One of the directors of the company contacted Sarah Massey of KSA to discuss the company’s present financial situation. Then, after a subsequent telephone conversation with KSA regional manager Malcolm Gray, a meeting was requested and held at the company’s premises.
KSA were appointed to assist the company with a Company Voluntary Arrangement (CVA) in early July 2012. Turnover for the year to 31th May 2012, was c£616K which was a 6.6% increase on the previous year. However the company made a net loss of £90K due to severe increase in cost of sales and administration expenses.
The company was encountering financial difficulties due to:
- A series of bad debts of c£100,000 suffered by the company over the past 2 years: caused by a small number of the main contractors the company has been working for going into administration and liquidation.
- Serious arrears with trade suppliers who are increasing pressure.
- HMRC debts which the company had serviced thus far was also beginning to become too much of a burden.
- The company operated from leased industrial premises on an ‘ad hoc’ basis therefore there were no terms of occupancy, termination or dilapidations.
- The landlord was owed a small arrears of £1,300.Fixed Assets- The company had fixed assets of c£15K the majority of which were motor vehicles.Employees:
- Staff levels reduced by 50% over passes 2 years- 2 redundancies made with the assistance of KSA.
- The company still employed 7 staff including directors.
- Unfortunately 3 staff were made redundant as part of the CVA to reduce costs.Secured creditor
- Bank- The company’s only secured creditor (secured with a registered legal charge or debenture) was a bank, which by insolvency law, stands outside the CVA and is repaid in full via the agreed terms.- The facilities provided were an overdraft of £37K which was unused at the time and a credit card the balance of which was £3.5K. Other Financial facilities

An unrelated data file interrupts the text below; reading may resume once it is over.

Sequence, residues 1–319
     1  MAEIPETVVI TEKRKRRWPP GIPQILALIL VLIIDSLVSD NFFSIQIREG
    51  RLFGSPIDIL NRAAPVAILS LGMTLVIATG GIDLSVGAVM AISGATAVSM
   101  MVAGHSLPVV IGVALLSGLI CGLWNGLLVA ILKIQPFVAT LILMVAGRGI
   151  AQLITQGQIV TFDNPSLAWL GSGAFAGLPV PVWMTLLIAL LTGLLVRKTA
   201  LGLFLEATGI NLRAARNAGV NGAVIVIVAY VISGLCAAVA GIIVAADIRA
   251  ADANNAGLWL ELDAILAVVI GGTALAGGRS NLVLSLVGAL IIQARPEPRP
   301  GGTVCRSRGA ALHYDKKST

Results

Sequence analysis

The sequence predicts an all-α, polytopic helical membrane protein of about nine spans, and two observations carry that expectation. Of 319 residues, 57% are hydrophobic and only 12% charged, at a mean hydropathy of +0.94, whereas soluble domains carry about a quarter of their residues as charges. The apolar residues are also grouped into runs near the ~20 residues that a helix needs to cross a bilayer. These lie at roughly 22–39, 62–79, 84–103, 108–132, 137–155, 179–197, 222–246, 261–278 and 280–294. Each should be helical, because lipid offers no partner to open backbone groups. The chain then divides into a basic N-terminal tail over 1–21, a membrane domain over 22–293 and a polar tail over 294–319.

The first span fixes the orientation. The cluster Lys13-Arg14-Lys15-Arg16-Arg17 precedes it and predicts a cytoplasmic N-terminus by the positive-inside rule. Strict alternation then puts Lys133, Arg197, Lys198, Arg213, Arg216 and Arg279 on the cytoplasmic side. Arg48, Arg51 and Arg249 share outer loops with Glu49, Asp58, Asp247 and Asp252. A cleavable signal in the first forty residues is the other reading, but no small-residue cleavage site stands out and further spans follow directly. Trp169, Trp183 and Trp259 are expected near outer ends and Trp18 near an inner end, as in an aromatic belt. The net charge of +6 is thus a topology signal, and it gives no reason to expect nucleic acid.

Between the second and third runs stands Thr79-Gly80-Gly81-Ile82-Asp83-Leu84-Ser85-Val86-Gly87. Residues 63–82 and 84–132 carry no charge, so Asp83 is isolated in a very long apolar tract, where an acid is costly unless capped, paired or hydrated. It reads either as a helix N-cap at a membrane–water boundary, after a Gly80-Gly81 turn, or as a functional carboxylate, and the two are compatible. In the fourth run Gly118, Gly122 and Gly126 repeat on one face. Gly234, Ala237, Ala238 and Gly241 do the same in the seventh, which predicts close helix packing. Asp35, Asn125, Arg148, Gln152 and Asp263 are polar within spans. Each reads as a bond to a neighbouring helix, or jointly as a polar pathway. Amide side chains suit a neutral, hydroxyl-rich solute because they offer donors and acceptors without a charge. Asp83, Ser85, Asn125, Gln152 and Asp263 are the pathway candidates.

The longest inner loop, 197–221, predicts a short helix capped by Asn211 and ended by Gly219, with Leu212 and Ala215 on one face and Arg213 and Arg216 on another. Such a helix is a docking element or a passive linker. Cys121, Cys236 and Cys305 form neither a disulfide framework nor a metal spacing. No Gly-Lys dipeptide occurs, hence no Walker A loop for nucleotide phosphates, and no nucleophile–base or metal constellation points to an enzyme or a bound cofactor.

- contingent creditors. - The company had various Finance facilities (hire purchase) in respect of vehicles the totoal outstanding balance of which was £17K.
- This class of creditor’s balance does not usually crystallise in a CVA. However, the directors had elected to cancel 3 further agreements utilising the CVA.Directors
- The director’s had provided joint and several personal guarantees (P.Gs) to the secured creditor (bank)
- The directors had jointly made loans of c£10K available to the company. This class of creditor does not attract a dividend under the CVA. The connected/associated creditors may decide to propose that If the CVA is approved by the creditors they intend to convert their debt to convertible redeemable preference shares. The percentage of their debt to be converted would be the same percentage as the dividend proposed to the unsecured creditors in the CVA with the remainder of the connected (associated) debt being written off.
- It is a usual modification from HMRC that balances of this nature, not converted to convertible redeemable preference shares, are written off and do not survive the CVA. Unsecured Creditor debt: - £169K of which HMRC was 29.6%.
Early November 2012, a trade creditor served a Winding Up Petition on the company with hearing date of 10th December.
The creditor agreed to adjourn the hearing on payment of costs to permit the CVA process to complete.
Late November 2012, the directors decided that the company, and therefore the CVA, was no longer viable and would let the Winding Up Petition take it’s course.
However, the petitioning creditor failed to advertise the Winding Up Petition in the requisite time (i.e. no later that 7 days prior to the hearing date) and the petition was dismissed.
The directors of the company (which was no longer viable) approached KSA to place the company into CVL (Creditors Voluntary Liquidation)
- the relevant engagement pack was issued, however the company did not return the signed engagement paperwork.